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History of the Decline and Fall of the Roman Empir

Salt's Travels give a high notion of the ruins of Axum


[Footnote 99: Alvarez (in Ramusio, tom. i. fol. 219, vers. 221, vers.) saw the flourishing state of Axume in the year 1520--luogomolto buono e grande. It was ruined in the same century by the Turkish invasion. No more than 100 houses remain; but the memory of its past greatness is preserved by the regal coronation, (Ludolph. Hist. et Comment. l. ii. c. 11.) * Note: Lord Valentia's and Mr. Salt's Travels give a high notion of the ruins of Axum.--M.]

[Footnote 9911: The Negus is differently called Elesbaan, Elesboas, Elisthaeus, probably the same name, or rather appellation. See St. Martin, vol. viii. p. 49.--M.]

[Footnote 9912: According to the Arabian authorities, (Johannsen, Hist. Yemanae, p. 94, Bonn, 1828,) Abrahah was an Abyssinian, the rival of Ariathus, the brother of the Abyssinian king: he surprised and slew Ariathus, and by his craft appeased the resentment of Nadjash, the Abyssinian king. Abrahah was a Christian; he built a magnificent church at Sana, and dissuaded his subjects from their accustomed pilgrimages to Mecca. The church was defiled, it was supposed, by the Koreishites, and Abrahah took up arms to revenge himself on the temple at Mecca. He was repelled by miracle: his elephant would not advance, but knelt down before the sacred place; Abrahah fled, discomfited and mortally wounded, to Sana--M.]

[Footnote 100: The revolutions of Yemen in the sixth century must be collected from Procopius, (Persic. l. i. c. 19, 20,) Theophanes Byzant., (apud Phot. cod. lxiii. p. 80,) St. Theophanes, (in Chronograph. p. 144, 145, 188, 189, 206, 207, who is full of strange blunders,) Pocock, (Specimen Hist. Arab. p. 62, 65,) D'Herbelot, (Bibliot. Orientale, p. 12, 477,) and Sale's Preliminary Discourse and Koran, (c. 105.) The revolt of Abrahah is mentioned by Procopius; and his fall, though clouded with miracles, is an historical fact. Note: To the authors who have illustrated the obscure history of the Jewish and Abyssinian kingdoms in Homeritis may be added Schultens, Hist. Joctanidarum; Walch, Historia rerum in Homerite gestarum, in the 4th vol. of the Gottingen Transactions; Salt's Travels, vol. ii. p. 446, &c.: Sylvestre de Sacy, vol. i. Acad. des Inscrip. Jost, Geschichte der Israeliter; Johannsen, Hist. Yemanae; St. Martin's notes to Le Beau, t. vii p. 42.--M.]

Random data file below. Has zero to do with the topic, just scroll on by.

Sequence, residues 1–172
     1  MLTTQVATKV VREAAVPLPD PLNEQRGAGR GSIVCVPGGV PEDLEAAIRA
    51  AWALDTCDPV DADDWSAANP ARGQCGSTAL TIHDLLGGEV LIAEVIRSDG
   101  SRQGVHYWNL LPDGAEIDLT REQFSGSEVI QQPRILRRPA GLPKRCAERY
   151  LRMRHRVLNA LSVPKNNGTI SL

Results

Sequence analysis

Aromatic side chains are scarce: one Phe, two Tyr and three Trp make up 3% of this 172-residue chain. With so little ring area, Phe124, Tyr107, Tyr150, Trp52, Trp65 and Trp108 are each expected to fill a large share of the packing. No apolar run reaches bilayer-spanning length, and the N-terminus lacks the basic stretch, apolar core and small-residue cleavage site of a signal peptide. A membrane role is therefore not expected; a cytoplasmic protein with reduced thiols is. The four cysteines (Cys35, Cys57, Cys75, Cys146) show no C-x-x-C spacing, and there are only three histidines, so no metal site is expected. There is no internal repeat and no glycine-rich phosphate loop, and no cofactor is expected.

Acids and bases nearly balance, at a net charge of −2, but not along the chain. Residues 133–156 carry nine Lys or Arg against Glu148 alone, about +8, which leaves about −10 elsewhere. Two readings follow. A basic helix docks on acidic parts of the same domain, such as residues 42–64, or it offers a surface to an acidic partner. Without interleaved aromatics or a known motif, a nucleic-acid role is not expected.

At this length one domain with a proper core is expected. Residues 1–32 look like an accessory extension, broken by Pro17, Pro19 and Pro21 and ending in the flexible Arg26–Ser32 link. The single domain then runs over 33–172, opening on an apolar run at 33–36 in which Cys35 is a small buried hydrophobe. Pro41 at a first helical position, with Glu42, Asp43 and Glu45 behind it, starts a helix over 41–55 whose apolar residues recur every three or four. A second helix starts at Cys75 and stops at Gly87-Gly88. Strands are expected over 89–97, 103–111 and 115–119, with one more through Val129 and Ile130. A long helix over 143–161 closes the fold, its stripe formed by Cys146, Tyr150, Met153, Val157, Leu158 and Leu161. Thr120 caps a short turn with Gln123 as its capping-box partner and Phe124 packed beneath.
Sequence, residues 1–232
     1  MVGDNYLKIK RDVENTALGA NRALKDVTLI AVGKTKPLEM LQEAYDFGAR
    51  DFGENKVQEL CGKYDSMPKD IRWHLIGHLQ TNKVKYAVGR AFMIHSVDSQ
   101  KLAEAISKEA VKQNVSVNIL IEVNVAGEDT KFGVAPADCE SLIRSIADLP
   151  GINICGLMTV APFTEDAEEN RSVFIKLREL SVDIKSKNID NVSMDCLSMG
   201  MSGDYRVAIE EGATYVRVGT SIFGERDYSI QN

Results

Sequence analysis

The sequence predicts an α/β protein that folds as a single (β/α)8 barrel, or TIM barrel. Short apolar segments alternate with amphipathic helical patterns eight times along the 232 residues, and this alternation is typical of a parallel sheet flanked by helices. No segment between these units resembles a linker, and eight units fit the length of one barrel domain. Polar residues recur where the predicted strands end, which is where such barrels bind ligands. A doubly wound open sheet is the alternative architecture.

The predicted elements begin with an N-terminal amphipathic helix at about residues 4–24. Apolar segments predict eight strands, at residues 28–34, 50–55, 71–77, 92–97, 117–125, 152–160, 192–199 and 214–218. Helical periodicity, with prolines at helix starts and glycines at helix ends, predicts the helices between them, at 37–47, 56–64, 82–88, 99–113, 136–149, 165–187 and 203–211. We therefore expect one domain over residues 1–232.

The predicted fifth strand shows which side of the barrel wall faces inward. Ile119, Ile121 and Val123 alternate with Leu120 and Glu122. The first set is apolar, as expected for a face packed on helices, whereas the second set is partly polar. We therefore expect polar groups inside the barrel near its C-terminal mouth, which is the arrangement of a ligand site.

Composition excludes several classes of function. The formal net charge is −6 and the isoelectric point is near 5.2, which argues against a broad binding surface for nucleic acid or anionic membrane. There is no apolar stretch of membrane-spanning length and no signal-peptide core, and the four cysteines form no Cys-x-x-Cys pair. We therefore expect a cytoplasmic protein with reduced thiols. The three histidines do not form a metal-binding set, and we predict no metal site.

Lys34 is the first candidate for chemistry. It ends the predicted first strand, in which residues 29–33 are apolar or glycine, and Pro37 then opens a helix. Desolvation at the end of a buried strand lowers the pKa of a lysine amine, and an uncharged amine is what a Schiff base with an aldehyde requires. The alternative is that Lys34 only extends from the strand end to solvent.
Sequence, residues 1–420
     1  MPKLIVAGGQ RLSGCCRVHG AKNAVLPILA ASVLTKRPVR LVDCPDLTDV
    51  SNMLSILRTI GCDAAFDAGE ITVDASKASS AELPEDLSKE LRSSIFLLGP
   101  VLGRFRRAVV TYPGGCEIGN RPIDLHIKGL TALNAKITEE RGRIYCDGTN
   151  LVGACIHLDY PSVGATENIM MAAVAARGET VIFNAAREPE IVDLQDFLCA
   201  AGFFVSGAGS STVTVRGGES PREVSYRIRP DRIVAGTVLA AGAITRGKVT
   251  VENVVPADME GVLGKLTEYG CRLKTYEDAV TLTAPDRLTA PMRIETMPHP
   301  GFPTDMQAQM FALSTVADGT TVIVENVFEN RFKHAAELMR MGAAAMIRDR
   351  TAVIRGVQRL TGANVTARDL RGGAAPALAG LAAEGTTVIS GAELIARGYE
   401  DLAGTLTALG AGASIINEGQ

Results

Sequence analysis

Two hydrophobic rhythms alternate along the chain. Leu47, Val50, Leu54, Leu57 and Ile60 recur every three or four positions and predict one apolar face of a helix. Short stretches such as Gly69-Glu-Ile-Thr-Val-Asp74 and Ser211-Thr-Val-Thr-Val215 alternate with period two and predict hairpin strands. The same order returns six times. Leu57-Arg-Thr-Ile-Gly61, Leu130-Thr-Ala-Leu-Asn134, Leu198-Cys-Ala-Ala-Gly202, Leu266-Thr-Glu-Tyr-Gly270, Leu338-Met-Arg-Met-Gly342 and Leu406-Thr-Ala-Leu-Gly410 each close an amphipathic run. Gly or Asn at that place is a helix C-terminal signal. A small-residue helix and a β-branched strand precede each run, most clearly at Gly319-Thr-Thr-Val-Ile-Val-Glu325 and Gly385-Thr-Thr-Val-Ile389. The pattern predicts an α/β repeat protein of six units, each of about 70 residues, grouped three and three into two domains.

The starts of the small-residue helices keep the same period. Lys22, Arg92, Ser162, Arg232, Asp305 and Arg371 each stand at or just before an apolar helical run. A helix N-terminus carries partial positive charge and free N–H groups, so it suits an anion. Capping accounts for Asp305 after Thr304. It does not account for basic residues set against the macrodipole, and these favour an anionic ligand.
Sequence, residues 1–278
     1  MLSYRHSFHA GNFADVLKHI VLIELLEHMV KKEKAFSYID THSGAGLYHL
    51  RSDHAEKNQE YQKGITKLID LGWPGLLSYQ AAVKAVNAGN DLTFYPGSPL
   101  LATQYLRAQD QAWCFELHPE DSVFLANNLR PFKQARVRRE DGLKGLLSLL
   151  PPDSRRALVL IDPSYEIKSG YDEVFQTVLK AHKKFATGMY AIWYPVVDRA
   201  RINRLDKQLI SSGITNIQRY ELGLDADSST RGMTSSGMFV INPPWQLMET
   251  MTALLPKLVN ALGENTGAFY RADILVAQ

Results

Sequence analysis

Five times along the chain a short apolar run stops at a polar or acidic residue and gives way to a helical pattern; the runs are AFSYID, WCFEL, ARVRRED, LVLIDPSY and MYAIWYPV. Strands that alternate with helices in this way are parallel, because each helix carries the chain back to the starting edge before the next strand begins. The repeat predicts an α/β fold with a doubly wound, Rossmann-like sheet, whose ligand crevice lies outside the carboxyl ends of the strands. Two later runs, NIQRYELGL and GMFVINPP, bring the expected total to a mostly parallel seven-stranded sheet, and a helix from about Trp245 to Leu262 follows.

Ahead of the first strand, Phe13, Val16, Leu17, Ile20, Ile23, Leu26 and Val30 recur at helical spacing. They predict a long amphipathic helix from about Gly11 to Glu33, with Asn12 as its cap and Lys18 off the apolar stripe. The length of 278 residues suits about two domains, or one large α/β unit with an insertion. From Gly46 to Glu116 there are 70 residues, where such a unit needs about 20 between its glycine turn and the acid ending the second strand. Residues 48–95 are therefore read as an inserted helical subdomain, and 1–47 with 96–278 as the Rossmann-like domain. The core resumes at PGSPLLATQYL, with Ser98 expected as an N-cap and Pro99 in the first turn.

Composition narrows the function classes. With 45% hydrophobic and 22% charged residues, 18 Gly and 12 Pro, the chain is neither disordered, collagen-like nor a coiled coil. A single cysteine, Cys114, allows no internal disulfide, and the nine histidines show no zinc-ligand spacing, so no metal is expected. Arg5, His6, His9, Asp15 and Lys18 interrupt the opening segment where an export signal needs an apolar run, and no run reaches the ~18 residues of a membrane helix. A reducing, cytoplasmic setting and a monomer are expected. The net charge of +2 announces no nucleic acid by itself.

[Footnote 1001: A period of sixty-seven years is assigned by most of the Arabian authorities to the Abyssinian kingdoms in Homeritis.--M.]

Chapter XLIII: Last Victory And Death Of Belisarius, Death Of Justinian.--Part I.

Rebellions Of Africa.--Restoration Of The Gothic Kingdom By Totila.--Loss And Recovery Of Rome.--Final Conquest Of Italy By Narses.--Extinction Of The Ostrogoths.--Defeat Of The Franks And Alemanni.--Last Victory, Disgrace, And Death Of Belisarius.--Death And Character Of Justinian.--Comet, Earthquakes, And Plague.

The review of the nations from the Danube to the Nile has exposed, on every side, the weakness of the Romans; and our wonder is reasonably excited that they should presume to enlarge an empire whose ancient limits they were incapable of defending. But the wars, the conquests, and the triumphs of Justinian, are the feeble and pernicious efforts of old age, which exhaust the remains of strength, and accelerate the decay of the powers of life. He exulted in the glorious act of restoring Africa and Italy to the republic; but the calamities which followed the departure of Belisarius betrayed the impotence of the conqueror, and accomplished the ruin of those unfortunate countries.


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